Which Post-Westphalia? International organizations between constitutionalism and authoritarianism (Prof. Dr. Bernhard Zangl with Christian Kreuder-Sonnen)
The most recent transformation of world order is often depicted as a shift from a Westphalian to a post-Westphalian era in which international organizations (IOs) are becoming increasingly independent sites of authority. This internationalization of authority is often considered as an indication of the constitutionalization of the global legal order. However, this project highlights that IOs can also exercise authority in an authoritarian fashion which violates the same constitutionalist principles of human rights, democracy, and the rule of law that IOs are usually expected to promote. It is thus an open question which post-Westphalia we are in fact heading to: a constitutionalized order, an authoritarian order, or a combination of both? Based on a conceptualization of post-Westphalian orders as a two-dimensional continuum linking the ideal-typical endpoints of constitutionalism and authoritarianism, we analyze the UN security system and the EU economic system as two post-Westphalian orders. While we find a remarkable level of constitutionalization in the EU and incipient constitutionalist tendencies in the UN, we also find authoritarian sub-orders in both institutions. Most visibly, the latter can be discerned in the UN Security Council’s counter-terrorism policy after 9/11 and the European emergency governance during the sovereign debt crisis. The project thus argues that the emerging post-Westphalian order is characterized by a plurality of fundamentally contradictory (sub-)orders coexisting in parallel.
Varieties of Indirect Governance (Prof. Dr. Bernhard Zangl with Ken Abbott, Philipp Genschel, and Duncan Snidal)
Governors – domestic, international and private – frequently lack key capacities needed to achieve their policy goals. In such cases, governors must work with or through third parties, rendering governance indirect. Four general modes of indirect governance have been observed and discussed in the literature, although not in unified fashion. These modes are defined, first, by whether intermediaries with sufficient authority are available (cooptation, orchestration) or whether the governor must endow actors with authority (delegation, trusteeship); and, second, by whether the governor can exert hard control over intermediaries (delegation, cooptation) or is limited to soft influences (trusteeship, orchestration). We introduce these governance modes in terms of their analytic similarities and differences, consider the governance problems for which each is best suited, examine their workings and implications, and investigate their stability over time. To illustrate their importance and operation, we draw on a wide range of examples ranging from international organizations, peace-keeping, central bank autonomy to the management of dependent states.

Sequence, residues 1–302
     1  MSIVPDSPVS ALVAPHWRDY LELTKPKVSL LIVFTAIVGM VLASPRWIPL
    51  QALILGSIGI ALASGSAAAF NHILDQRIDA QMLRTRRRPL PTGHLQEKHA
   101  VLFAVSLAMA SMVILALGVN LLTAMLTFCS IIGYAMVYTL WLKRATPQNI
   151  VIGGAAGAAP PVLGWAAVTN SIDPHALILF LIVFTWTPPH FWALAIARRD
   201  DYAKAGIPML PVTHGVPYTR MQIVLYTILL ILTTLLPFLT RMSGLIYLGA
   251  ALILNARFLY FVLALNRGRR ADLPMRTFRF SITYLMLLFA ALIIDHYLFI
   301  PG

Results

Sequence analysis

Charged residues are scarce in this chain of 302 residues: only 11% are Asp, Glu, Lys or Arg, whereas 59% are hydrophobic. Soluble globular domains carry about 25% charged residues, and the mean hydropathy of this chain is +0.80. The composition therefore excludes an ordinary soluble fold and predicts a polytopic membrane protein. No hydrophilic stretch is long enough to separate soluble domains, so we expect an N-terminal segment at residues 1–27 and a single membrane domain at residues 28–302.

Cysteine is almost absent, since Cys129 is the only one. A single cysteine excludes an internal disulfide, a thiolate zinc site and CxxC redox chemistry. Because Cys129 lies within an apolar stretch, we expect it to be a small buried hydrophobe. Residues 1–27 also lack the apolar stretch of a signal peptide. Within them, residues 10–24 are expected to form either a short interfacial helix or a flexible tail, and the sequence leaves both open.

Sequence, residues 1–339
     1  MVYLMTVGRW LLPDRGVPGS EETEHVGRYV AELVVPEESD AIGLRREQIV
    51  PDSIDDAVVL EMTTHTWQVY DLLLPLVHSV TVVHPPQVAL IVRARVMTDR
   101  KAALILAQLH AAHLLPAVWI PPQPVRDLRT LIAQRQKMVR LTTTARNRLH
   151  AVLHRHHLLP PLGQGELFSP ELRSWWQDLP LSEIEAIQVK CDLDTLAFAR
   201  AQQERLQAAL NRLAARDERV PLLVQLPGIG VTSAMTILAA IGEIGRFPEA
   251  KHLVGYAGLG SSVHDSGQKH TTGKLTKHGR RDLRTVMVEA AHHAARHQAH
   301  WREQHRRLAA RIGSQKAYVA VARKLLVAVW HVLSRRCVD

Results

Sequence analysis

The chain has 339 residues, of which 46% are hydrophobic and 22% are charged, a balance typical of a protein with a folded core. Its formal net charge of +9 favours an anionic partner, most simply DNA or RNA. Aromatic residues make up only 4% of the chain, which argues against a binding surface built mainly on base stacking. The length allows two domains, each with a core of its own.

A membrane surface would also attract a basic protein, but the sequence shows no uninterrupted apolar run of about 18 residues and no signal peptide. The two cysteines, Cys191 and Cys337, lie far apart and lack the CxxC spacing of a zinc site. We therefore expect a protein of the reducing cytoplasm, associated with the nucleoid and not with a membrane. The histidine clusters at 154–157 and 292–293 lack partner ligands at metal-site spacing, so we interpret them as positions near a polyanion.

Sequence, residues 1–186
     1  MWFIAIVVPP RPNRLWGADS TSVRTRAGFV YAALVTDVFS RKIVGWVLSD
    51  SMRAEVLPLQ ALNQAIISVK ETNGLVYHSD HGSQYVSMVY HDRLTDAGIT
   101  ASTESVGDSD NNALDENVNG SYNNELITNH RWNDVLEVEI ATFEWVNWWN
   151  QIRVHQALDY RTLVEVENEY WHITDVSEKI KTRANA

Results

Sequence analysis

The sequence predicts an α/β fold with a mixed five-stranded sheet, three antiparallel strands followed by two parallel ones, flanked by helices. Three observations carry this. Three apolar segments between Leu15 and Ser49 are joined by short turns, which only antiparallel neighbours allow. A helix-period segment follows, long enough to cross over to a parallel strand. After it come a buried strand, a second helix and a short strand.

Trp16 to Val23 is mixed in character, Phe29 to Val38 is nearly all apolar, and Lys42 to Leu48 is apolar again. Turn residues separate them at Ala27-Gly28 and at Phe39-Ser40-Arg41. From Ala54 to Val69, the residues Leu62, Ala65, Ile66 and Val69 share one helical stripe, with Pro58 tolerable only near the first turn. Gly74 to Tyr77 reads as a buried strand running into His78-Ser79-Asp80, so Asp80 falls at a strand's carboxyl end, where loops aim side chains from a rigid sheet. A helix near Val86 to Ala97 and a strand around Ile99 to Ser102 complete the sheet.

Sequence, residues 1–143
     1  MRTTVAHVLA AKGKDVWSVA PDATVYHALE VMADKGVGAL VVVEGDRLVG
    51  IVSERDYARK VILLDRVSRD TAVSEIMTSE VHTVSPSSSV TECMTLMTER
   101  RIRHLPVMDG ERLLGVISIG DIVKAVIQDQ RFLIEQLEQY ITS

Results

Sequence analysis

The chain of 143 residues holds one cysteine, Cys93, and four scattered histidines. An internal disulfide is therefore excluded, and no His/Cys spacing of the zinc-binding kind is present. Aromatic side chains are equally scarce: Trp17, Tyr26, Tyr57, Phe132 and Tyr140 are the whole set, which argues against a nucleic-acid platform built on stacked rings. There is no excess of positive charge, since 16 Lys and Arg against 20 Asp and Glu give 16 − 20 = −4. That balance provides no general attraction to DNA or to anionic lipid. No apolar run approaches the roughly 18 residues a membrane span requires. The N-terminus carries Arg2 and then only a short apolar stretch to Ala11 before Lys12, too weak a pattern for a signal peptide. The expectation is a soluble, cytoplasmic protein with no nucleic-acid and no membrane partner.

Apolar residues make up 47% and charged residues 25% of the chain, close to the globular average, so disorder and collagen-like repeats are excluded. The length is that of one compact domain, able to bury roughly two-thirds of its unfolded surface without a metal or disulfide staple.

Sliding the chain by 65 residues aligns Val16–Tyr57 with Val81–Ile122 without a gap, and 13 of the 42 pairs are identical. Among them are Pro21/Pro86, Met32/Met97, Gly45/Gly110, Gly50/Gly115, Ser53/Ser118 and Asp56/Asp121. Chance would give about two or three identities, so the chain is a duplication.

When and how do International Organizations Adapt to Power Transitions? Prof. Dr. Bernhard Zangl
The rise of emerging powers such as China, India and Brazil and the ensuing decline of established powers such as the United States, the United Kingdom and France is considered to be prone to international conflict. Power transition theories (PTTs) expect emerging powers to ask for the adaptation of the international order and the underlying international institutions to the new (power) realities, while established powers prefer to keep untouched the time-tested international order and the underlying international institutions. PT theorists thus generally agree that emerging powers aim at gaining the very same institutional privileges that established powers want to preserve for themselves; they disagree, however, whether and when the resulting conflicts can be dealt with cooperatively. Pessimist PT theorists expect non-cooperation and institutional stalemate (or worse), while optimist PT theorists expect cooperation and institutional adaptation. Empirically, we see both at the same time: institutional stalemate in some institutions and institutional adaptation in others. While agreement could be reached to adapt voting rights in the International Monetary Fund (IMF) to emerging powers’ demands, attempts to adapt permanent seats and voting rights in the United Nations Security Council (UNSC) to altered power realities resulted in failure. Thus, against what most PT theorists would hold, power transitions as such cannot explain whether emerging and established powers are able to agree on institutional adaptation. The ambition of this project is to refine power transition theories in this respect. Drawing on different variants of rational institutionalism in IR, we develop an institutionalist power transition theory (IPTT) which specifies the conditions and mechanisms of international institutions’ adaptation to power transitions among their member states.